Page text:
Sponsored Links

Sponsored Links

 

Super Street Fighter II Turbo HD Remix

50°
350w ago - The man behind the rebalanced Super Street Fighter II will destroy you. David Sirlin has competed in SF tournaments since 1991, represented the USA at Japan's Super Battle Opera tournament, playtested every Capcom Classics re-release of the games and literally wrote the book on competitive gaming. He's also got a cool site where he writes fascinating essays on game design.

Human Street Fighter encyclopedia Sirlin knows the series better even than its creators, so when he tells the world that HD Remix is the true sixth revision of the most successful beat-'em-up series ever, it's press-stoppingly serious business. HD Remix may have started as a polished remake, but with tweaks and fixes it's now a whole new game - scrubbed up, more accessible for newcomers, and rebalanced for tournament play at the highest levels.

The strongest characters, namely Balrog, Dhalsim and Vega, are untouched save for dampening their most overpowered combos, and chumps like Cammy, T. Hawk and Zangief have been beefed up considerably. The relative strengths have been maintained, but the gaps between characters are now compressed so the very weakest character is no longer a ten-second body bag case for the toughest.
 

New videos of Home's latest update

50°
350w ago - Remember those 2 walktrough videos about Home made by DLB that spread all around the net?

Well, he just did some new videos where he explains the new functions from the update. Looks really cool, i advice you to check them out!

Videos can be seen here:








 

PS3 Theme Extractor/Unpacker v0.8 released!

50°
350w ago - Anoop Menon has updated his PS3 Theme Extractor/Unpacker today to v0.8!

Download: PS3 Theme Extractor v0.8 [Windows] / PS3 Theme Extractor v0.8 SRC [Linux]

Changelog:

12/03/07 -0.8- fixed a bug in the XML output filename.
 

Preview: Dark Void

50°
350w ago - Right, we're gonna get two words off our chests straight off the bat. Crimson. Skies. See, you won't read many previews of Dark Void without the inevitable mention of this all-but-forgotten stylised Xbox airplane shooter, which sadly joined such luminaries as Beyond Good and Evil and the ace Psychonauts in the 'bloody great but no bugger bought them' category of videogames. Which was a real shame, since it was very good indeed.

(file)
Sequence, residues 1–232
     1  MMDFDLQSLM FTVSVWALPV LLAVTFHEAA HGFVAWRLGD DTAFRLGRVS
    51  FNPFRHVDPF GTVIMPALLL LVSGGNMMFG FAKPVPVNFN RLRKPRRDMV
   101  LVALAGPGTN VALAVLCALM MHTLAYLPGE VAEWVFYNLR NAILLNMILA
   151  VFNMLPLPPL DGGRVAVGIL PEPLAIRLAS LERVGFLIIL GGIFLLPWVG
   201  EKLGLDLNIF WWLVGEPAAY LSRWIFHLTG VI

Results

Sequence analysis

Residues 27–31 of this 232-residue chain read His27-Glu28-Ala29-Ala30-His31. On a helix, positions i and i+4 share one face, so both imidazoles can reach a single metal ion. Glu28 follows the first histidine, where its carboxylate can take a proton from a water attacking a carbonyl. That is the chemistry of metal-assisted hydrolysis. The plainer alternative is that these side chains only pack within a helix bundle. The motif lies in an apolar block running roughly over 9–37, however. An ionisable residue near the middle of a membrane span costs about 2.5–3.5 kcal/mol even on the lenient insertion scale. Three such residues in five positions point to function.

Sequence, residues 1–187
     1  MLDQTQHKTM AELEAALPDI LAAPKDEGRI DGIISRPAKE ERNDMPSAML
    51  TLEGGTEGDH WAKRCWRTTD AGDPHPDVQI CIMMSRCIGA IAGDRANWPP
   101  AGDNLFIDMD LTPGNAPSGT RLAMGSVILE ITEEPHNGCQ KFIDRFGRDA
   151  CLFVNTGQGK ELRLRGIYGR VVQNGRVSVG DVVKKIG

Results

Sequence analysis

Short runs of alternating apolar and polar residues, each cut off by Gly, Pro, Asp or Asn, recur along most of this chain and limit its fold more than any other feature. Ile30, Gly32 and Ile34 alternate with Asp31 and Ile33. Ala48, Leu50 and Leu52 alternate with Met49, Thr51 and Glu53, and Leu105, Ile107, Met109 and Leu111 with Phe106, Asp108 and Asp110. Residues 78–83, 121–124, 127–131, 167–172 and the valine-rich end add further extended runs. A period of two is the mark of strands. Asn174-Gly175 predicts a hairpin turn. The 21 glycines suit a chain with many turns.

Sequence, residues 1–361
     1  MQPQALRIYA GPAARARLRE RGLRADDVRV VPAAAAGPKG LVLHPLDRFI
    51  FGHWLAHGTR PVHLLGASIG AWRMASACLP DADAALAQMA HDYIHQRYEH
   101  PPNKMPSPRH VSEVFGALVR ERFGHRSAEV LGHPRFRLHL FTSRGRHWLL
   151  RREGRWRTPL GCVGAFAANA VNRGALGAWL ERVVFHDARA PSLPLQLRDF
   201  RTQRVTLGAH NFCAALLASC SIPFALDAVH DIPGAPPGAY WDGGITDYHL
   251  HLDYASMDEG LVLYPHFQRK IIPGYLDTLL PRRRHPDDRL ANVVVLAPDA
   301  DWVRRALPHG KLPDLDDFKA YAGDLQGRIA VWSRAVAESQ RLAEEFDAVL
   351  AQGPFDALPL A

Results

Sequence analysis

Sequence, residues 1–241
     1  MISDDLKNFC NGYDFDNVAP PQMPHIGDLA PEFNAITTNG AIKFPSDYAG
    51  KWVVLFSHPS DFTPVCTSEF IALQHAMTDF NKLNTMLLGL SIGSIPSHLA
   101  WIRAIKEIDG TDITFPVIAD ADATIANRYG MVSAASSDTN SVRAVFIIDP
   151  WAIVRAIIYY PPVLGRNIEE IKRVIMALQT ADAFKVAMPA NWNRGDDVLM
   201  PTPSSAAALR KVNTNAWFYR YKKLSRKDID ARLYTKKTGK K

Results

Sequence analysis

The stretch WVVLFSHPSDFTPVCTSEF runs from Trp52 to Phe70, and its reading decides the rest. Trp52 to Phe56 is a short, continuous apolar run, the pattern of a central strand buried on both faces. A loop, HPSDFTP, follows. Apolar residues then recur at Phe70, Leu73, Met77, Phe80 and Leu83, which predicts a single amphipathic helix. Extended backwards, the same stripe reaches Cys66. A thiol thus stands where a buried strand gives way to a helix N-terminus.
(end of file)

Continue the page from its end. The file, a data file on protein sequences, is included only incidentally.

Still, it looks as if somebody pretty senior at Capcom still believes in devs Airtight Games, and the result is Dark Void. Dirge plot aside (some ancient devils who used to rule over Earth but were turned upon by humankind have risen again for vengeance) Dark Void is every inch a sexed-up next gen Crimson Skies lovechild - from its Nathan Zachary-alike chiselled hero with a giant rocket pack strapped upon his back to the very steampunk aesthetic and the presence of, yep you guessed it, all sorts of flying contraptions straight out of Terry Thomas' wildest fantasies.

Void Zilla
Though the trailer hinted at demonic forces straight from the ninth level of hell, the actual adversaries appeared to be machine-gun-toting weirdos donning gimp masks. Gaze past the dull-looking scrapping and shooting though and Dark Void appears to have neat tricks up its coiffured sleeve.
 

Will Metal Gear Solid 4 really boost PS3 sales?

50°
350w ago - Fanboys beware. You won't like this.

It's been the rallying cry of Sony fanboys from the beginning. Things might be bad right now, but you just wait until Metal Gear Solid 4. Then we'll see the PlayStation 3 rise up to conquer, just like the PS2 did, and you'll all be sorry for doubting it.

But will we really? There's a very good argument that Metal Gear's release won't make the blindest bit of difference to the PS3's fortunes as a format, however good it turns out to be (and there's every chance that it will be brilliant). The reason? Things just don't work that way any more.

The industry has changed a lot since Metal Gear Solid became a killer app for the PSone. It's changed almost beyond recognition in just the last twelve months in fact. Two major differences separate the way things are now from the way thing were then: The cost of making games and the kind of people who play them.
 
Sponsored Links

Sponsored Links
Sponsored Links

Sponsored Links







Sponsored Links